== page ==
As for prices in general, the economy is starting to experience inflation, he explained, as one would expect with 4.1-percent unemployment. With inflation running at about 2 percent year-on-year and unemployment at 4 percent, "it's looking good for getting another rate hike."
Gross Domestic Product growth also is looking extremely strong, running at about 3.2 percent year-over-year, he said,
Finally, while light vehicle sales thus far in 2017 are down about 1.5 percent vs. 2016, Ewing said this is not too bad considering 2016 was the all-time sales record for light vehicles.
Within these numbers, light truck sales are up 4.7 percent, led by CUVs, sales of which have grown at a 7-percent clip.
As for tires, Ewing said passenger and light truck tire imports were flat year-to-date through October, while U.S. domestic tire production slipped 4 percent. "So that tells us that manufacturers are starting to draw down inventory a little bit," he said.
"Kumho is doing the opposite," he added, "which is why we have really nice fill rates right now,... but the overall industry seems to be lowering inventory."
Thailand leads importing nations with shipments of passenger and light truck tires to the U.S. up about 27 percent for the year through October, with most of that increase coming at the expense of China, which has seen its tire exports to the U.S. fall nearly 37 percent so far this year, Ewing said.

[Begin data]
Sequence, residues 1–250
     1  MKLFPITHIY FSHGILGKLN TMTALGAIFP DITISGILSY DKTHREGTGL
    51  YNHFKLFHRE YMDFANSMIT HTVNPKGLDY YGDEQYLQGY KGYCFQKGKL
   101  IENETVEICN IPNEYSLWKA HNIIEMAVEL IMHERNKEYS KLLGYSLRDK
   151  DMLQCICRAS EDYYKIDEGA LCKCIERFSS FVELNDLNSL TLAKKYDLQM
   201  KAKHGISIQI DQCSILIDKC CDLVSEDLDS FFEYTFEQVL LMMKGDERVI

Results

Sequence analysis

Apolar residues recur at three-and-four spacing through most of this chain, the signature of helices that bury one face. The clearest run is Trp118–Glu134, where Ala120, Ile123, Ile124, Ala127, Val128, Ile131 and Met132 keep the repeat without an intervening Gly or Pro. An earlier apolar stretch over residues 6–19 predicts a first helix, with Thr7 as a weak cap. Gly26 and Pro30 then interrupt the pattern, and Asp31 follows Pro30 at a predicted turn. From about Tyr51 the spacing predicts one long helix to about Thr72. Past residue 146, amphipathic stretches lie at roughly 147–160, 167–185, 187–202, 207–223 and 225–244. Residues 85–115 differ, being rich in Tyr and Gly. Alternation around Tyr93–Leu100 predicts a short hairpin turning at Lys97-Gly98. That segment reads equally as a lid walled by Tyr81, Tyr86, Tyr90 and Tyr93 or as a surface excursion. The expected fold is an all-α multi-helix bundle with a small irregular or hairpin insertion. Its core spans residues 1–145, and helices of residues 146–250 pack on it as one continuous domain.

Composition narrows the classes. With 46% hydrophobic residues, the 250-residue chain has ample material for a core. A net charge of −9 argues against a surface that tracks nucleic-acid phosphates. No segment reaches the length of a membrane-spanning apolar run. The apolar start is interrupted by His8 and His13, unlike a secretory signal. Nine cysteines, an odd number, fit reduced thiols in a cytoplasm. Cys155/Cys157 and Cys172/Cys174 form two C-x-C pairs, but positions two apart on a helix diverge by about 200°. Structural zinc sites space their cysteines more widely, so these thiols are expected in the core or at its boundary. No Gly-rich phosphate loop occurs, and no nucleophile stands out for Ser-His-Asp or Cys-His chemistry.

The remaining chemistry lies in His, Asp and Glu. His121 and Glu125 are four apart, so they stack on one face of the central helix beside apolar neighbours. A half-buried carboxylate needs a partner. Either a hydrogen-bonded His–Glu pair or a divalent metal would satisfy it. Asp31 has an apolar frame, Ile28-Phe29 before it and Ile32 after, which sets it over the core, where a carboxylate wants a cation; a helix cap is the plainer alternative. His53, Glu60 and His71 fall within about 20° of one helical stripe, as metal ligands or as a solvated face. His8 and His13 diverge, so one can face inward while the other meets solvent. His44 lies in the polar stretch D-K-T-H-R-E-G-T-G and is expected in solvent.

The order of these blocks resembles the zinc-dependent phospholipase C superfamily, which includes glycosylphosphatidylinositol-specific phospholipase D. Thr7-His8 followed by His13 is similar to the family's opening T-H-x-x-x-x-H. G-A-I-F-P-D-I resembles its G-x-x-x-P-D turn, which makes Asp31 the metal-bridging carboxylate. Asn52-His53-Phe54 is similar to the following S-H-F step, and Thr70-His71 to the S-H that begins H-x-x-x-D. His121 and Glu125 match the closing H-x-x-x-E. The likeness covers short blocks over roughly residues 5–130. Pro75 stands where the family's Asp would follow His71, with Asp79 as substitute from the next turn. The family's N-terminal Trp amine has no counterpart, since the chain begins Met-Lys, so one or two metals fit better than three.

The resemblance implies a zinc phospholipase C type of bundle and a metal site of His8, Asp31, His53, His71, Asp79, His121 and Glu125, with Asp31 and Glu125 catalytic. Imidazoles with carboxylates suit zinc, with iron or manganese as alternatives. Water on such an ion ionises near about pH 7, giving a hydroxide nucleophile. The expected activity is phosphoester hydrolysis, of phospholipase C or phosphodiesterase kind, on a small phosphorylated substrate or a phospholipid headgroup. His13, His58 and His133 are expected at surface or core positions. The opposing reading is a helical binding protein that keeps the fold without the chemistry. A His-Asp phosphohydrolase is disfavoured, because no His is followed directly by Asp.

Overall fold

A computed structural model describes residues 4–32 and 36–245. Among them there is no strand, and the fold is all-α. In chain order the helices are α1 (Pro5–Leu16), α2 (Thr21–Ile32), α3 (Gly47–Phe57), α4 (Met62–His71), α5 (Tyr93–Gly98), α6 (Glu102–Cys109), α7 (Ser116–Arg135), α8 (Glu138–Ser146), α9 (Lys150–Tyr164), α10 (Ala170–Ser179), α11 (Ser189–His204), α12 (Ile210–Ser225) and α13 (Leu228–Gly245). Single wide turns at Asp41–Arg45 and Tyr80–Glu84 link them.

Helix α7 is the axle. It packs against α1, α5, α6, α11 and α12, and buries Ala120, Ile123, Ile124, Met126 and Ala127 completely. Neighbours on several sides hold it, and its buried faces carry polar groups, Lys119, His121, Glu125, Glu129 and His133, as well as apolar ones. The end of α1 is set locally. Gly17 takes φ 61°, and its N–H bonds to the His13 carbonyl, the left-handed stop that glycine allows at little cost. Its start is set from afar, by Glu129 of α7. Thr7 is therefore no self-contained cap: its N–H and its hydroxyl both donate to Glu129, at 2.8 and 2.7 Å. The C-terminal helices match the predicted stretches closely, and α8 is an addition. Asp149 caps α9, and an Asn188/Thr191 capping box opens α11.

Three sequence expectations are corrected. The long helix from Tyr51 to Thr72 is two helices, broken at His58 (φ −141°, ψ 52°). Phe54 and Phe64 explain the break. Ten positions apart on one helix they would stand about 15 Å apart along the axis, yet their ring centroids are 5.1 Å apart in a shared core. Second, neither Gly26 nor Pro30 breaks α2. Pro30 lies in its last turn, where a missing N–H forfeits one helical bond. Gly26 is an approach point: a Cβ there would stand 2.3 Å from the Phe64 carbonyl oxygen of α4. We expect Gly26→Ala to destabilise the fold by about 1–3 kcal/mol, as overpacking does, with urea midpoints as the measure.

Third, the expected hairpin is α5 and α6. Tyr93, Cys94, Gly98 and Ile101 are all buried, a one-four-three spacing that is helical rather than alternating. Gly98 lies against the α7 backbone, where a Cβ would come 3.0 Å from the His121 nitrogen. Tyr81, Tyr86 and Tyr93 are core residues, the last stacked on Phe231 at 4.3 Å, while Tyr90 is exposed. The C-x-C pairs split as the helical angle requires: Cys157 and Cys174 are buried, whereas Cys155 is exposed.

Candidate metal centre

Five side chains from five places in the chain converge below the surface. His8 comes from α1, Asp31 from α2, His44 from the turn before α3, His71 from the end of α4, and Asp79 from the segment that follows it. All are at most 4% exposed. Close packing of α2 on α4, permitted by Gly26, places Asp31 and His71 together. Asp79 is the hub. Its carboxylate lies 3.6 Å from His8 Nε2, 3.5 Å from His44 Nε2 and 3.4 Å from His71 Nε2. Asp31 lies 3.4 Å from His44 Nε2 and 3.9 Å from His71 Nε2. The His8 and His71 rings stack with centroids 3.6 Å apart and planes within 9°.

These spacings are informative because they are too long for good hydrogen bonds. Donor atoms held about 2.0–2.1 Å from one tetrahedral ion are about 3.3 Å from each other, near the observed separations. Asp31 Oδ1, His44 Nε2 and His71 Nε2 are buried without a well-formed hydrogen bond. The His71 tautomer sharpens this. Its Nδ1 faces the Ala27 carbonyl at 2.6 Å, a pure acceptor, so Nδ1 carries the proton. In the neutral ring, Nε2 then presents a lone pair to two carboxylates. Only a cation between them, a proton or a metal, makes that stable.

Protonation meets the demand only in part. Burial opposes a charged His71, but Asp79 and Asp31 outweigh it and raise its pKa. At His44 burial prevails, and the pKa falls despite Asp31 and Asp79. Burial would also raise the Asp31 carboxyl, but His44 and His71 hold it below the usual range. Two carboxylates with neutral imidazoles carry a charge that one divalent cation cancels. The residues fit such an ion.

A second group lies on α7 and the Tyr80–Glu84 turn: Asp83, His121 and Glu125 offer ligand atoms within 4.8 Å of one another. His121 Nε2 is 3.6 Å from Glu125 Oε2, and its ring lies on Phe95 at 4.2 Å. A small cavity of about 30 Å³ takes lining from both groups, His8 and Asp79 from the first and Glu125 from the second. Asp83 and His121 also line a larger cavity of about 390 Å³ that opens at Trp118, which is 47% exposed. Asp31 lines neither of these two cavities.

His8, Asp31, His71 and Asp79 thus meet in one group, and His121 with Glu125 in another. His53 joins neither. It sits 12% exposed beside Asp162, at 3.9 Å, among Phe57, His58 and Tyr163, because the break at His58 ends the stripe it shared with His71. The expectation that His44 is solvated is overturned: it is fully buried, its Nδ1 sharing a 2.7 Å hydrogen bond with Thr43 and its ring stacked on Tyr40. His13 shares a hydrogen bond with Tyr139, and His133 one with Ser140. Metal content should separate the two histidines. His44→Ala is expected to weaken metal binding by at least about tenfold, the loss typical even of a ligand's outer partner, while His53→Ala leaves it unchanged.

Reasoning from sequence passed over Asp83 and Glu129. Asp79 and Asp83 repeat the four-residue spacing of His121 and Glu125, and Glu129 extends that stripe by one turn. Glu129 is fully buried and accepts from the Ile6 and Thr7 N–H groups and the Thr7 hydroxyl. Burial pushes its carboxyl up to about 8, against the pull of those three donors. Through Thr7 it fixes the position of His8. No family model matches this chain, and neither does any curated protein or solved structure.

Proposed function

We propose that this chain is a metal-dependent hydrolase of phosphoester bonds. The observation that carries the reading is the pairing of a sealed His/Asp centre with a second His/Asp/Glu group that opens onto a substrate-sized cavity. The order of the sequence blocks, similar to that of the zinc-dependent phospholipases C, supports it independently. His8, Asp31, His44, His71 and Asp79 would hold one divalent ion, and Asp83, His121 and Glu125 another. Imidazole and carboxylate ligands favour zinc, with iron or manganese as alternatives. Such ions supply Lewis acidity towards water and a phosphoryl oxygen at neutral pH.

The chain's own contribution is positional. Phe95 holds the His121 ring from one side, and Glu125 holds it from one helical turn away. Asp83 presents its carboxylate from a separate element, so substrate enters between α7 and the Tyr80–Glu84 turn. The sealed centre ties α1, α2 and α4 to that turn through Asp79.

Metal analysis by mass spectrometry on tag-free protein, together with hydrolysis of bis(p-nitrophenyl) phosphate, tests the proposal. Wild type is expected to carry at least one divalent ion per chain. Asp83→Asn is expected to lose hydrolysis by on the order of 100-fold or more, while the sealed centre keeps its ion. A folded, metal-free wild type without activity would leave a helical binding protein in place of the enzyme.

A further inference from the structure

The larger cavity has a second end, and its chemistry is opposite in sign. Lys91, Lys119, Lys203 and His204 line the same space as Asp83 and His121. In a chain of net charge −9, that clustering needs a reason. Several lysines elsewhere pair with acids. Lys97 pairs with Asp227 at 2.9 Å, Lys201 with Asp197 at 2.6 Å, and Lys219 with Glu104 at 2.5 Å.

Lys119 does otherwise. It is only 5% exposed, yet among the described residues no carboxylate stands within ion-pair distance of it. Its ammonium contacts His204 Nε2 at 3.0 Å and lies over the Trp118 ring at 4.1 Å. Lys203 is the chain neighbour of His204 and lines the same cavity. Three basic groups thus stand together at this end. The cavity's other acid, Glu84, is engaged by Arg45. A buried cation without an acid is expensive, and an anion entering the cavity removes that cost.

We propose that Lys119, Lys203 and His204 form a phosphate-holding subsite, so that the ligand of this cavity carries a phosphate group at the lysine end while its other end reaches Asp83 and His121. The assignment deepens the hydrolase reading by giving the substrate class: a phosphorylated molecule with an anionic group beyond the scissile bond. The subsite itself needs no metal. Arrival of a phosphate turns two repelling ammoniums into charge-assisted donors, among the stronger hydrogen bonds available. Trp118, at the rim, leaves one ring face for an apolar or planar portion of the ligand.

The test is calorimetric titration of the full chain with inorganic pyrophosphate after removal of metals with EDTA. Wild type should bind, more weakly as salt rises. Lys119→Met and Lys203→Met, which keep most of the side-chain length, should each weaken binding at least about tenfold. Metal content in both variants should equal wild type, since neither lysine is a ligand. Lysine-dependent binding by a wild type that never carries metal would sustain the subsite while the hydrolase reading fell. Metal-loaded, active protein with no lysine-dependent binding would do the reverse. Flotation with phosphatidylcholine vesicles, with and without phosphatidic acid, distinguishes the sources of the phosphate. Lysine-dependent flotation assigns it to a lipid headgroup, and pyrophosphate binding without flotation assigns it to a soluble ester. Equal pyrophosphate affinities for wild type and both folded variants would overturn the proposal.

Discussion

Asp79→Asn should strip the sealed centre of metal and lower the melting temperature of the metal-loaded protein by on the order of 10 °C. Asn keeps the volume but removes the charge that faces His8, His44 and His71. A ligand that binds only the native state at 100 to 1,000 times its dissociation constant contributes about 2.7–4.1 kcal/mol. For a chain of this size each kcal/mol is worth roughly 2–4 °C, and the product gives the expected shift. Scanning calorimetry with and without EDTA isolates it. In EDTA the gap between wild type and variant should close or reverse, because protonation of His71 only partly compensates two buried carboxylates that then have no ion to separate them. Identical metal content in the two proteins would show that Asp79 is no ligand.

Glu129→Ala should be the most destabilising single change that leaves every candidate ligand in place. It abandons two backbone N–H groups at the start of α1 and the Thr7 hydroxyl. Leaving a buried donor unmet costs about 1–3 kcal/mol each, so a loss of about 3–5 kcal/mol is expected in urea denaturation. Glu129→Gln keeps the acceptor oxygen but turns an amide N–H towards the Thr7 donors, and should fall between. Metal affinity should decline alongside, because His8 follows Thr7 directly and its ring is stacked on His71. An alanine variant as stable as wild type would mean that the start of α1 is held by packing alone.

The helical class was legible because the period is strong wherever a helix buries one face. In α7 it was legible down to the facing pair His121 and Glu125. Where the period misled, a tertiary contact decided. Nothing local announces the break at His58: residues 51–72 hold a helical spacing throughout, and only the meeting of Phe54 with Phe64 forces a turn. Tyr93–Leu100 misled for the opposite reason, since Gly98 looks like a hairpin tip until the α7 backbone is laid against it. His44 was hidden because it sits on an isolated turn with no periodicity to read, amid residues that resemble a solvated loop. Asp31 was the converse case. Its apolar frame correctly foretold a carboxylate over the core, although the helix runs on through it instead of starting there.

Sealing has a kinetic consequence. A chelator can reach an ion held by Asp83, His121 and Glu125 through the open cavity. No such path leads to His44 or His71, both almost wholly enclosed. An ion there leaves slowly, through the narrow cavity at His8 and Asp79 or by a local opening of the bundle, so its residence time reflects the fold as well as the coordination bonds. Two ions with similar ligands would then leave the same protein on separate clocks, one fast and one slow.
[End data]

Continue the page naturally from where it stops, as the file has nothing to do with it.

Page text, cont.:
Truck and bus tire imports also are down about 3.3 percent through October, with U.S. production of these products flat. Imports from Thailand, Japan and South Korea have seen strong growth, while shipments of TBR tires from China are down about 20 percent.
Looking at U.S. passenger and light truck tire shipments through October, Ewing said the trend toward larger sizes continues.
This year alone shipments of 16-inch and smaller consumer tires fell 8.3 percent through October, while those with 18-inch and larger rim diameters are up 11.7 percent. This shift to larger sizes is following the lead of the original equipment market, he said.
Shipments of 16-inch and smaller passenger and light truck tires have slipped to 43 percent of the overall market from 47 percent last year, he said.
Another continuing trend is the shift to higher tire speed ratings.
The number of H- and V-rated performance tires is shrinking, he said, while T-rated performance tires now are "almost nothing" and cosmetic performance tires even less.
Most of the decline in H- and V-rated performance tires has been replaced by growth in touring tires, he said, shipments of which are increasing by double-digits in H, V, W and higher speed ratings.
In light truck tires, shipments of highway-terrain tires are up about 3 percent so far this year following growth in the CUV market, all-terrain tires have declined by 8 percent, mud-terrain tires are flat and commercial LT tire shipments are down slightly.
As for truck and bus tire shipments, this category is having a "very strong" year with growth up about 6.6 percent, Ewing said.